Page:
Globally the demand for quantity and quality food is fast increasing as a result of population growth, limited water and land, and overexploitation of available resources (Godfray et al., 2010; Tilman et al., 2001). Moreover, global climate change aggravates the biotic and abiotic stresses on food crops (Tester and Langridge, 2010). These environmental changes will negatively affect crop production and food security. Therefore, novel mitigation strategies are required to boost crop productivity and ensure food security. Improved and resilient crop cultivars and their production technologies are among these strategies (Brown and Funk, 2008).
Participatory plant breeding is usually conducted to ensure adoption of newly developed crop cultivars and their production packages by smallholder farmers of marginal agro-ecological and socioeconomic groups (Ceccarelli et al., 2007). In the past, plant breeding focused on developing high-yielding and improved crop cultivars in favorable environments and under controlled experimental situations (Bänziger and Cooper, 2001). As such, conventional plant breeding did not consider farmers’ preferences and attributes, locally available germplasm, and the real conditions of small-scale farmers in pursuit of developing crop cultivars for broad adaptation (Ceccarelli et al., 2000; Witcombe et al., 1996). These failures to engage with the realities faced by local farmers have been identified as the primary causes for the consistently low adoption of newly developed “improved” crop cultivars and their production packages released by government and NGO scientists (Adesina and Baidu-Forson, 1995).
There are varied preferences and needs by end users for crop cultivars. For instance, for industrial starch production, sweetpotato cultivars are required to have high dry matter content, whereas cultivars for human consumption should have other traits such as attractive skin and flesh color, good cooking quality, and high β-carotene, among others. Sweetpotato cultivars intended for animal feed should have high protein content (Lebot, 2009). Therefore, sweetpotato breeding should involve the needs of stakeholders in the developing of new cultivars and new agricultural technologies to meet their diverse requirements (Atlin et al., 2001; Rees et al., 2003).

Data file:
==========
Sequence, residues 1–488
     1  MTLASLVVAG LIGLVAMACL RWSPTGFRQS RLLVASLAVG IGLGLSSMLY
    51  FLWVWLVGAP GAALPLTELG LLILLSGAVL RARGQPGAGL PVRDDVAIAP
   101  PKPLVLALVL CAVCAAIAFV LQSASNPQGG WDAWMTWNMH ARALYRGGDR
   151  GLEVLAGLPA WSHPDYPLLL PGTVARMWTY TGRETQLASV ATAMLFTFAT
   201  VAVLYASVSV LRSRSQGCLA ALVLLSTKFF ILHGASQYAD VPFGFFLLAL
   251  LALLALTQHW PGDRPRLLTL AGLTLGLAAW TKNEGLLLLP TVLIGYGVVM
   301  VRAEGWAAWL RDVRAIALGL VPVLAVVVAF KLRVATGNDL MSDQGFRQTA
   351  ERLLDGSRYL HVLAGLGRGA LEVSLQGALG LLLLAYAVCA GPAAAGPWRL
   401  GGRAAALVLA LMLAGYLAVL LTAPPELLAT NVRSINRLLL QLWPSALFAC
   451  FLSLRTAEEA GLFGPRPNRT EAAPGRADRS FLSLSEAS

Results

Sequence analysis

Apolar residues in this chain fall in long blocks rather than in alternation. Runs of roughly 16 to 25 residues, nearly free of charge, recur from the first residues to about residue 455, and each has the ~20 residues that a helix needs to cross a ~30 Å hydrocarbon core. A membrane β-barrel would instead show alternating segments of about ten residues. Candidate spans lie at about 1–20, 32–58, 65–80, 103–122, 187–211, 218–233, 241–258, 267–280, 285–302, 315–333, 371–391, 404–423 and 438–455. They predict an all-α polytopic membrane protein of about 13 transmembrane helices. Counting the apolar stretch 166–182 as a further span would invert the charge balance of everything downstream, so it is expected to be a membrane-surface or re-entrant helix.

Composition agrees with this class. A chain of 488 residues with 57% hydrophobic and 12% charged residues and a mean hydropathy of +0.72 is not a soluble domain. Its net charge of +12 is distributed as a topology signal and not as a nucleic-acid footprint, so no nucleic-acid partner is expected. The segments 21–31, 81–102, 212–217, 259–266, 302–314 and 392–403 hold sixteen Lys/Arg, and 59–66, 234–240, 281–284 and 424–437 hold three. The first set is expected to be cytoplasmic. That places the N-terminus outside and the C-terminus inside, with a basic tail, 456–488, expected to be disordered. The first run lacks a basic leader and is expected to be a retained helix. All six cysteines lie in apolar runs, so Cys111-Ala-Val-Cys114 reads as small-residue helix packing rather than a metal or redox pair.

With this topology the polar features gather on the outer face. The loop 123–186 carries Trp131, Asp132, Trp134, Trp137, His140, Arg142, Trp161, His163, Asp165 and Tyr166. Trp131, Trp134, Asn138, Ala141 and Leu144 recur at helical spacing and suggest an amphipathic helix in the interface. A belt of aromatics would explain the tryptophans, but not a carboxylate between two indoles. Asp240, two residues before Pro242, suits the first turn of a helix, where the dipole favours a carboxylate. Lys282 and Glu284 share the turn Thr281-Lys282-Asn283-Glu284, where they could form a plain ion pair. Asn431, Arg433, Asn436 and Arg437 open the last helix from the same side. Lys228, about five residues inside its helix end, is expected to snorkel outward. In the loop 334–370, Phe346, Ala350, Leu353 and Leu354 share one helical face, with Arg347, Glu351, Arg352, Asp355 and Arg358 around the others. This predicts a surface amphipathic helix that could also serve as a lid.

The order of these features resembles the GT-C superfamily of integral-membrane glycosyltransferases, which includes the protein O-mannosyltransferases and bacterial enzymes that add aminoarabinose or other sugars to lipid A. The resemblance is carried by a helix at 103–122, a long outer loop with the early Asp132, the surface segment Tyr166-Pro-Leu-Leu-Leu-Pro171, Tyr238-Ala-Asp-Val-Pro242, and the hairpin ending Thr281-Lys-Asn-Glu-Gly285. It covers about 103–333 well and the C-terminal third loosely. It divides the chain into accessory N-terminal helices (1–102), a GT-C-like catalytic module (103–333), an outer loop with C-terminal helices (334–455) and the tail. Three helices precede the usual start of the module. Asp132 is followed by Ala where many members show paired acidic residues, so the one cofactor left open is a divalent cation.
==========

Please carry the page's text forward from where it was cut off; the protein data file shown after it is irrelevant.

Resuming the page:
Agricultural technologies developed through participatory research have a greater chance of adoption and diffusion by farmers because they are developed in response to local constraints and meet end users’ needs and preferences (Ashby and Lilja, 2004). Various research approaches have been reported in participatory breeding of new crop cultivars, including consultative approaches, collaborative approaches, collegial approaches, and farmer experimentation (Ashby and Lilja, 2004). Advantages of farmer participatory research include: 1) codefinition of breeding objectives; 2) participatory evaluation of germplasm; 3) identification of breeding priorities; and 4) participatory selection of promising progenies (Ceccarelli and Grando, 2009). In one case, the incorporation of participatory approaches into conventional breeding programs reduced the time taken for cultivar development from 9 to 6 years (Lilja and Aw-Hasaan, 2003).